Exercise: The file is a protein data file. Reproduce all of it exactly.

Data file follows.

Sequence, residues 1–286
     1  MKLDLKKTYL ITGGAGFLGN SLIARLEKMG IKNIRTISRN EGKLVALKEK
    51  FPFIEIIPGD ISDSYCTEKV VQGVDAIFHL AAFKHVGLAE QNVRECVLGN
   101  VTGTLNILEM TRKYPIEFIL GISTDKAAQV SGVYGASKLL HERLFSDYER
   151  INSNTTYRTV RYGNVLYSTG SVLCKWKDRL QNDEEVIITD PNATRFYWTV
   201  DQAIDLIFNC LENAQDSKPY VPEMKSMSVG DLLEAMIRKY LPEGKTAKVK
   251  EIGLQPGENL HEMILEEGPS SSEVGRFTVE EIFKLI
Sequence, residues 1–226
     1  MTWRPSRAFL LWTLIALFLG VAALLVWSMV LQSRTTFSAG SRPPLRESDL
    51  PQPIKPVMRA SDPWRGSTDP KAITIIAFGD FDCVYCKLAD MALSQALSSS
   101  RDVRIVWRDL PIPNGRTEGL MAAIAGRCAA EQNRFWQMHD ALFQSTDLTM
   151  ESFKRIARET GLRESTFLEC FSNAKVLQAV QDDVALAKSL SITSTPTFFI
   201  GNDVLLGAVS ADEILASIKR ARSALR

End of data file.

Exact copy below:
Sequence, residues 1–286
     1  MKLDLKKTYL ITGGAGFLGN SLIARLEKMG IKNIRTISRN EGKLVALKEK
    51  FPFIEIIPGD ISDSYCTEKV VQGVDAIFHL AAFKHVGLAE QNVRECVLGN
   101  VTGTLNILEM TRKYPIEFIL GISTDKAAQV SGVYGASKLL HERLFSDYER
   151  INSNTTYRTV RYGNVLYSTG SVLCKWKDRL QNDEEVIITD PNATRFYWTV
   201  DQAIDLIFNC LENAQDSKPY VPEMKSMSVG DLLEAMIRKY LPEGKTAKVK
   251  EIGLQPGENL HEMILEEGPS SSEVGRFTVE EIFKLI
Sequence, residues 1–226
     1  MTWRPSRAFL LWTLIALFLG VAALLVWSMV LQSRTTFSAG SRPPLRESDL
    51  PQPIKPVMRA SDPWRGSTDP KAITIIAFGD FDCVYCKLAD MALSQALSSS
   101  RDVRIVWRDL PIPNGRTEGL MAAIAGRCAA EQNRFWQMHD ALFQSTDLTM
   151  ESFKRIARET GLRESTFLEC FSNAKVLQAV QDDVALAKSL SITSTPTFFI
   201  GNDVLLGAVS ADEILASIKR ARSALR